Most small-scale embedded applications - whether control or data logging oriented - structure their software (broadly) as shown on the right.
A master timer periodically (1mSec - 100mSec) wakes up the main loop processing. This gathers the various inputs, does the processing and sets all of the outputs. The main loop then goes to sleep ready for the next tick of the timer.
This approach works well for simple applications but becomes increasingly problematic as (inevitably) the complexity of the application increases.
The rate of the timer tick will normally be set to achieve the desired dynamic response from the controller - or by the maximum allowable latency (input to output delay that can be tolerated).
Most designs aim to achieve the best control/resolution so that the rate of the timer tick is set to be as high as possible. This limits the amount of time available for the processing. As the complexity and sophistication of applications grows the tension between the need for more time to complete the processing load and the need for less time to improve the response is bound to increase.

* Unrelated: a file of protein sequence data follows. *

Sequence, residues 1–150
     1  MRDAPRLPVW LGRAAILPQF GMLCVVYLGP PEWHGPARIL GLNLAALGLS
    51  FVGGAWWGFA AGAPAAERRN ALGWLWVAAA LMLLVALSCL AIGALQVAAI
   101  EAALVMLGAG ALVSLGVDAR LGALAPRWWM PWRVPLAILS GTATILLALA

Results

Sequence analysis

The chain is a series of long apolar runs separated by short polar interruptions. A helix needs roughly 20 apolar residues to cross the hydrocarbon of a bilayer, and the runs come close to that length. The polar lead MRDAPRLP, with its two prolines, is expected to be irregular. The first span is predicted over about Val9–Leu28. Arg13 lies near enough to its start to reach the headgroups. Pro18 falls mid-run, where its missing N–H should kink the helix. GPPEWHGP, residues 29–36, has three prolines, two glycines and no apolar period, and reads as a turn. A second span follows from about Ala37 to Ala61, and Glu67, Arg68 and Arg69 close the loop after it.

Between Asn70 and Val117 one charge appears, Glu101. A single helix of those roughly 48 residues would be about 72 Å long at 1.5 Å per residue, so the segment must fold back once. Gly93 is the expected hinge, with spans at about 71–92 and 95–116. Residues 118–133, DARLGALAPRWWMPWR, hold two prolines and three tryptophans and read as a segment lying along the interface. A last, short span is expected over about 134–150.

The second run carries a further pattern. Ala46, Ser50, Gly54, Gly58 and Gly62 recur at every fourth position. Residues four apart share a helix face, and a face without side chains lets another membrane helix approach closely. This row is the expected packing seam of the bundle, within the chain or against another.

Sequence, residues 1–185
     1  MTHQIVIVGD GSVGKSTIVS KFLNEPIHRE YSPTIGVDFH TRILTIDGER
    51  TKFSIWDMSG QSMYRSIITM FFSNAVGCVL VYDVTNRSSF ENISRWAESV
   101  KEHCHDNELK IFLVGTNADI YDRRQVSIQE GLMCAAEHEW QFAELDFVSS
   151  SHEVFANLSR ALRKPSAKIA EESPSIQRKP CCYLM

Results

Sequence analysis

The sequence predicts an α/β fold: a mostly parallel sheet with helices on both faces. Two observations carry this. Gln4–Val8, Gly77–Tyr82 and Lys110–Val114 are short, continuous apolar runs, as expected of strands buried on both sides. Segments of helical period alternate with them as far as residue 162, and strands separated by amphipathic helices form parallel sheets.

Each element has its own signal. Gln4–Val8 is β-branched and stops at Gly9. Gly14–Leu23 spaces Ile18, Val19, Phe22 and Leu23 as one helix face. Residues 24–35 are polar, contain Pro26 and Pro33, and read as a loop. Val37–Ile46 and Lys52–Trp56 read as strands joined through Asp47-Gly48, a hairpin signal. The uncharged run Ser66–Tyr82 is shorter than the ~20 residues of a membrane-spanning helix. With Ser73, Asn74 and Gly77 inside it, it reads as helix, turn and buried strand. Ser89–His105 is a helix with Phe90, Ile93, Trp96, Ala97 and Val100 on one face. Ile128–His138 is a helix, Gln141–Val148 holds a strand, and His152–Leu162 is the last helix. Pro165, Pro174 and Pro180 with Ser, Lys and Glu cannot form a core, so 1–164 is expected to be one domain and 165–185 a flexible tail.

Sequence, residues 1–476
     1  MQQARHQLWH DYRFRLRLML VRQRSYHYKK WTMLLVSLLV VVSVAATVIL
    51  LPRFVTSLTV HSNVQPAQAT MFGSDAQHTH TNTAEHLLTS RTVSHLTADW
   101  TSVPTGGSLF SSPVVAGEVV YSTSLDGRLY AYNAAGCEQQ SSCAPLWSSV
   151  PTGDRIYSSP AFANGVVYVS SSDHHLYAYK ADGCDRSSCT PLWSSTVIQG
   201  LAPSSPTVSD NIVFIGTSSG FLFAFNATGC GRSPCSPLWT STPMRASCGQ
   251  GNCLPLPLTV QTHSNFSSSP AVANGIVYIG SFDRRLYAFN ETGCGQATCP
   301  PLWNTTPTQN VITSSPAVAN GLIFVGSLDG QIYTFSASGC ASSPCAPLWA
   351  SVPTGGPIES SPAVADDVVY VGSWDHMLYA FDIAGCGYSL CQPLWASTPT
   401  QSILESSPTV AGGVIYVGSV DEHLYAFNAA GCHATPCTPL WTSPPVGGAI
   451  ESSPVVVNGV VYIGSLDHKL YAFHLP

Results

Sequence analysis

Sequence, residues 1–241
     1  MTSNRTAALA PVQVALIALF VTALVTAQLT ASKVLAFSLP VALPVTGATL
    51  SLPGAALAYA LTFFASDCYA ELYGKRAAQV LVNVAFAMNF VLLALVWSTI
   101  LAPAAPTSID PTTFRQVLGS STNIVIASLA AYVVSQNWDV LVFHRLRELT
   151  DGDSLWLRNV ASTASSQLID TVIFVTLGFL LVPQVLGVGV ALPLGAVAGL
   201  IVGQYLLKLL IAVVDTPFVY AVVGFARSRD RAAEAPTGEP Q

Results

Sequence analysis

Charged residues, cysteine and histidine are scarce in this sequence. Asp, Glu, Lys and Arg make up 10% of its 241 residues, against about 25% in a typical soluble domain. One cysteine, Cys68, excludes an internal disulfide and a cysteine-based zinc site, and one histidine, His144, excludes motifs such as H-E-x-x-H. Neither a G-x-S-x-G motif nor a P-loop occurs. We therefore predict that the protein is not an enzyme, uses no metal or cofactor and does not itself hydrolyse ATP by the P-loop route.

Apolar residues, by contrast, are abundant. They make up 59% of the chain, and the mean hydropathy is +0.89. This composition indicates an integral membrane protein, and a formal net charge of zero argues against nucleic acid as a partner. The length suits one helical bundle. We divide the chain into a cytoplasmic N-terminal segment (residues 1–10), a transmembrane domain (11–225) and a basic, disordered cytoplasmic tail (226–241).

As application become more complex the problem is further complicated by the fact that any processing must complete before the next one can begin. Even if the software can cope the control algorithms are likely to thrown into disarray if the controller occasionally misses a beat.
Calculating the worst case path through the processing is, for all but the simplest applications, nearly impossible and any testing regime is likely only to yield information on the normal, quiescent, timings is nearly impossible. Guaranteeing that processing will always complete in the tick interval means applying ever larger margins over the normal processing times - needing an even faster processor.